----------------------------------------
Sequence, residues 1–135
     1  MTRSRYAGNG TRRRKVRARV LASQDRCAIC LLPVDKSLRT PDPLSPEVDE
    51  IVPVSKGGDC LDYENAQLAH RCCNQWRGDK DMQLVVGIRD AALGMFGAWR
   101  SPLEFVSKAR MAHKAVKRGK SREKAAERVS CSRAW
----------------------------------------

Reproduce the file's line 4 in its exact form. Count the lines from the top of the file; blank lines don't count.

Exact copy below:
   101  SPLEFVSKAR MAHKAVKRGK SREKAAERVS CSRAW